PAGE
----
All posts by PULP Literature

Story Spotlight: Candy Apple Baby by Colin Thornton

Here’s a little snippet from Issue 14 to get your engine running this week …

Candy-Apple Baby

by Colin Thornton

It was a candy-apple red, metal-flake, chrome-plated Harley Davidson Low Rider, chopped down, pimped out, and fully accessorized, parked under a misty cone of light from a streetlamp almost as if it was waiting for Zoober to wander by.

For months he had fantasized about owning a motorcycle: tearing down the highway, a big, nasty redhead on the seat behind him, her arms wrapped around his waist, cheek resting on his shoulder.  Money was his problem, or rather, lack of it.  His old man wouldn’t pay for it, that’s for sure.  And there was no way he was going flip burgers for minimum wage like those other peons.

“Well now, looky here.  Someone left the keys in the ignition.”

He listened to the night, scanned the houses on both sides of the street — dark and quiet.  In the silence he could hear that chrome-plated angel calling out to him, whispering in his ear, enticing him, compelling him, daring him to do what most other sixteen-year-old boys would never dream of.

Although Zoober had never been one for going to church, praying, or any of that spirit-in-the-sky crap, he looked up at the stars and with all the sincerity he could muster, said, “Thank you, Jesus.”

 

JD is standing on a hoist, half a dozen fan belts over his shoulder, up to his elbows in the engine of a 1985 Corvette.  He holds out an empty hand, says, “Seven-sixteenths.”  His assistant wraps her fingers around the socket, slowly sliding it onto the wrench with a firm click and a gentle twist.  Brown skin, brown eyes, long auburn hair, naked under her bib overalls.  “Anything else JayDee?” she coos in a soft pillow voice.  Shivers of anticipation ripple up his inseam as she passes him the ratchet.  A smear of grease on her earlobe looks like a drop of chocolate sauce.  He leans forward to taste it …  Tic Tic Tic — Huh?  Tap Tap Tap —  What’s that noise?  Knock Knock Knock …  As Jennifer Lopez fades from his dream, JD realizes that someone is banging on his bedroom window.  Bang Bang Bang —  “JD, wake the fuck up!”  He squints at his clock, rolls over, and peels back one corner of the curtain.

Zoober is standing in the garden, urgently beckoning him outside.  JD shakes his head.  “It’s still dark out.”

But Zoober insists.  “Get out here.”

A beam of light shines through his bedroom door, casting a silhouette of a figure against the wall.  “What’s going on down there?”

“Nothing, Dad.  Nothing.  Bad dream, that’s all.”

“Well, dream quieter.”

Dad mutters something under his breath, flicks off the light and goes back to bed, closing the door behind him.

After a few minutes of quiet, JD slips into his jeans and T-shirt, eases open the back door, and sneaks out to meet his nocturnal friend.

Zoober bounces from foot to foot, arms crossed, shoulders hunched, hands tucked in his armpits.  “Jesus, man, I’ve been bangin’ on your window for ten minutes.”

“It’s four thirty.  What d’you want?”

“I need to put something in your back yard.”

“You woke me up for that?”

“It’s important.”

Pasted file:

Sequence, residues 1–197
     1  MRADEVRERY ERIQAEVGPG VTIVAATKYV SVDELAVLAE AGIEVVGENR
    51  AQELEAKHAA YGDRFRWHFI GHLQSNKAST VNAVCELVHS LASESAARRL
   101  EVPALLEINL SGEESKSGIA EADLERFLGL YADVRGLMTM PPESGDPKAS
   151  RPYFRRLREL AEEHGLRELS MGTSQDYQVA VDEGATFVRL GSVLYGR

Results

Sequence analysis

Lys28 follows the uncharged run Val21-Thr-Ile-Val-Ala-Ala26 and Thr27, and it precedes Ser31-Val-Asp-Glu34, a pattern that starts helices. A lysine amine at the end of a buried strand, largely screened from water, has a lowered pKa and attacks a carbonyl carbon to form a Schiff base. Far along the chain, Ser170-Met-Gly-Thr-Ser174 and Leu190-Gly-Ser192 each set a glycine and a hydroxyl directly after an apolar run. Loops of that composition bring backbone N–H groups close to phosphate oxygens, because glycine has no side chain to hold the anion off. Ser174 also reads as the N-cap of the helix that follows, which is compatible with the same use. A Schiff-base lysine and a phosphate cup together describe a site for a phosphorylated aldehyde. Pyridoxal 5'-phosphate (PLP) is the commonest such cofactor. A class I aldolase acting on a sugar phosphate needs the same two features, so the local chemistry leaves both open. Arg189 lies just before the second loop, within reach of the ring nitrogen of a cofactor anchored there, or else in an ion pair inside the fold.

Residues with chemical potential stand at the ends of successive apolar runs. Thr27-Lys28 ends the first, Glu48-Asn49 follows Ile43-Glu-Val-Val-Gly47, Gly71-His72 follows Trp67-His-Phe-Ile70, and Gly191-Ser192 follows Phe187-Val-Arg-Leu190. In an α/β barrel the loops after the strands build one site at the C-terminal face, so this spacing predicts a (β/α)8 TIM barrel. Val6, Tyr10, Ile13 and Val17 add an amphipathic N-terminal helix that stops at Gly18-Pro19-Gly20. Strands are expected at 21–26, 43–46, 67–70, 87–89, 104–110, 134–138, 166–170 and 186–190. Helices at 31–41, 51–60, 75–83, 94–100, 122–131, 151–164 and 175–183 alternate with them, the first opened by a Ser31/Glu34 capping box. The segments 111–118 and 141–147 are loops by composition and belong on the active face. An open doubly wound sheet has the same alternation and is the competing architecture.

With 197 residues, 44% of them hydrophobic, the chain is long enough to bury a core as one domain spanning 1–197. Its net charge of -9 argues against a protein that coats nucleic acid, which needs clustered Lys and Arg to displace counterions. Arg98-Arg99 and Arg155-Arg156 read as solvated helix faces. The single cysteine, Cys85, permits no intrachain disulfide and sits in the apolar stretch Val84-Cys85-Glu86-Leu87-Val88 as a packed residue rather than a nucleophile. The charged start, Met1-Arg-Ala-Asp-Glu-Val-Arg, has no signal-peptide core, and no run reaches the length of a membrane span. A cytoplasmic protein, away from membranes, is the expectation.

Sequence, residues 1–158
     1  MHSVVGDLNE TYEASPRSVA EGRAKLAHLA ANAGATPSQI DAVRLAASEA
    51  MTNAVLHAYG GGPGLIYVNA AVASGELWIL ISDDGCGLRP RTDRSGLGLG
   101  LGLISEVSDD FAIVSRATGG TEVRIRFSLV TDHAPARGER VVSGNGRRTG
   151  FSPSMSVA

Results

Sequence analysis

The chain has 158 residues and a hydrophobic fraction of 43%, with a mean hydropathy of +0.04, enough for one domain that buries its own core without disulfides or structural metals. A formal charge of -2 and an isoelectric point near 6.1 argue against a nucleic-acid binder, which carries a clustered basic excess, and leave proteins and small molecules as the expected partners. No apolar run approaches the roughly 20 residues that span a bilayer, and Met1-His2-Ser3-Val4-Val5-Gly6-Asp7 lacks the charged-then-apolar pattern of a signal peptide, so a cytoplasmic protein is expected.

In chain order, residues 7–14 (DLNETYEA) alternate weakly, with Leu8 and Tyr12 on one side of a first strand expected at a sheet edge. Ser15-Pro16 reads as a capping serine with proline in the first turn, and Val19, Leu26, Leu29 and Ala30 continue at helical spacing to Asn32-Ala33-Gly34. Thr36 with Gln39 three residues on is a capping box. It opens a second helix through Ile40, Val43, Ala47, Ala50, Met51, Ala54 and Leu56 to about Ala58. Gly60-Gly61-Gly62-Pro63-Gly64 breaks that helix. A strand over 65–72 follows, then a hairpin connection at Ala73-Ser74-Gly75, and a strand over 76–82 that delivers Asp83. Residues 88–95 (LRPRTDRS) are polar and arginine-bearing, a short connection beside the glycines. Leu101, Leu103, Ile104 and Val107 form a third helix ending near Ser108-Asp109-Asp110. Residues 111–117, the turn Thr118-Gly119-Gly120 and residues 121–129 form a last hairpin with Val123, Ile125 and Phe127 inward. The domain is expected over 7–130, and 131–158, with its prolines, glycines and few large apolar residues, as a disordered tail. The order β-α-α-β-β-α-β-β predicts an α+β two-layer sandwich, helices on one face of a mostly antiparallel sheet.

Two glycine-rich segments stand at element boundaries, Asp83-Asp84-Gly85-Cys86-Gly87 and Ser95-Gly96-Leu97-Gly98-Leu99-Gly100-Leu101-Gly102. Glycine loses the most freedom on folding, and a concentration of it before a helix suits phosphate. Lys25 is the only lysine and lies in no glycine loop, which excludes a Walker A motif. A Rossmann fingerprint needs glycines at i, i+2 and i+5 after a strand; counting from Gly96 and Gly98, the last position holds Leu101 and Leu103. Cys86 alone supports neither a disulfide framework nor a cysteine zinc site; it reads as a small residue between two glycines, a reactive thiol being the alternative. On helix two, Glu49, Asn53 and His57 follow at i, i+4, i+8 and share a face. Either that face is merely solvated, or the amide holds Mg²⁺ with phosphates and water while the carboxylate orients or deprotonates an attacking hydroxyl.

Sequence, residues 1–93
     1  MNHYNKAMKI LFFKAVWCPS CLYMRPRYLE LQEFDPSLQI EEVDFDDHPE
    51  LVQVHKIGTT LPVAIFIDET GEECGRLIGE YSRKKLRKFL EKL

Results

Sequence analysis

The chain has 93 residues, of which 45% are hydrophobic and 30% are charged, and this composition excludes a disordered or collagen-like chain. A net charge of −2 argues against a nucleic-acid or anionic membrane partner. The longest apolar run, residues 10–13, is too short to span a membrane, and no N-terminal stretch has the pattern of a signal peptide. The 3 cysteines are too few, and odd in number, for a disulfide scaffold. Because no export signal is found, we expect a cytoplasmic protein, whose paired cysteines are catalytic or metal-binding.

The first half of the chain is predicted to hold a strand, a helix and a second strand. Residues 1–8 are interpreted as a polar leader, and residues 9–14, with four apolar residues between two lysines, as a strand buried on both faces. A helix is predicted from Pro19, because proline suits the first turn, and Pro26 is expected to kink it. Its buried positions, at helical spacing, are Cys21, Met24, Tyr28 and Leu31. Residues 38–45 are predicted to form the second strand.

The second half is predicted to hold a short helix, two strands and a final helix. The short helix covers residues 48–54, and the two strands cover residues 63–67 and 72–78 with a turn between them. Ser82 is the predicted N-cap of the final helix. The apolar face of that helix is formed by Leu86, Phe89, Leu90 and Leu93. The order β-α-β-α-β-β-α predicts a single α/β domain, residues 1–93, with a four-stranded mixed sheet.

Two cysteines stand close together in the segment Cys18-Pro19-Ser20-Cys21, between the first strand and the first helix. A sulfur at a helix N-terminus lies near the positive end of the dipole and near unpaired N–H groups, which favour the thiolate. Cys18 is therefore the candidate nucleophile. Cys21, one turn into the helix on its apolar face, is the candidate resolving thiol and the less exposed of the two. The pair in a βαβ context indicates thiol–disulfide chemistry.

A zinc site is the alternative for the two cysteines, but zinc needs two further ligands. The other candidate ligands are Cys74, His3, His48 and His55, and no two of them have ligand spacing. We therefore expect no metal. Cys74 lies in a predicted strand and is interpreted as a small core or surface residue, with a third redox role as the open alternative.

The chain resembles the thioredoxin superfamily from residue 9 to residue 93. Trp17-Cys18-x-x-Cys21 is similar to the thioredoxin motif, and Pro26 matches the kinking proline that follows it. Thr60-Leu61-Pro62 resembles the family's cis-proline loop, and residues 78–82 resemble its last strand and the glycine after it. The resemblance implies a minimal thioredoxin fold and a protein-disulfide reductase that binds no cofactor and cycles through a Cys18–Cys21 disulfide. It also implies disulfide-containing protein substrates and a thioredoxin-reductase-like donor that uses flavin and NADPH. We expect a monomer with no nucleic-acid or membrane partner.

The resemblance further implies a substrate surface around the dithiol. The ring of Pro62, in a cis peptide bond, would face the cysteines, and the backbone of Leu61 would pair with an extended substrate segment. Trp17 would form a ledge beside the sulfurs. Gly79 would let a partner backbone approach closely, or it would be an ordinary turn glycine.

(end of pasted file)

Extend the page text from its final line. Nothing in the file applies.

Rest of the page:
“What is it?”

“A motorcycle.”

 

Next day, sitting in the school cafeteria after classes, Zoober brags about his previous night’s adventure; the who, what, where, and when, saving the why for last:  “The keys were in it.”

In a lifetime of dumb moves, this ranks high on Zoober’s top ten list.  “Don’t you think …” JD asks, pausing to add the emphasis his slow companion needs, “…  someone might — miss it?”  And just in case the subtle point he was making was also missed, adds, “Might want it back?”

Zoober stares blankly.  Blinks.  “But the keys were in it.”

Before JD can explain the concept of impulse control, the Pappas twins, Chris and Nick, come into the cafeteria and straight over to their table.

Nick says, “Three guys in the parking lot looking for you, Zoober.”

“Big guys,” adds Chris.

“Brick shithouse big.”

“Ugly too.”

“Real ugly.”

“Capital UG ugly.

“Little guy has a cool tat, though.”

“Totally.”

Strangers in the parking lot could be anyone, but the coincidence is too much to ignore so JD suggests they take the back door out of school and cut through the alley to get home.

Seconds after stepping outside, a white Cadillac Escalade with blacked-out windows screeches to a stop beside them.  Three people jump out:  A wisp of a guy in a leather jacket with a tattoo of a snake on his neck and two sumo-sized bodyguards wearing mirrored Ray-Bans.

Minus the scales and fangs, the runt looks a lot like his tattoo — thin and wiry, bristling with aggression and nervous energy.

Snake’s jaw muscles twitch as he steps towards Zoober and JD, sizing them up, nodding and smiling to himself at some private joke.

He locks the kids in a cold-blooded glare, his eyes all pupil, like two lumps of tar.  In a breathy hush that somehow seems to amplify his rage he says, “In the car.”

Zoober and JD are shoved into the back and sandwiched between the two Sumos.  JD watches Snake’s reflection in the rear-view mirror.  His dead fish eyes, pale, cold, and glassy, scanning his prisoners, coming to rest finally on JD.  The intensity of Snake’s gaze feels like a corkscrew boring into his skull.  After what seems like an eternity, Snake smirks and nods.  “Punks,” he says, as if he was spitting a gob of snot.  “Two frightened punks.”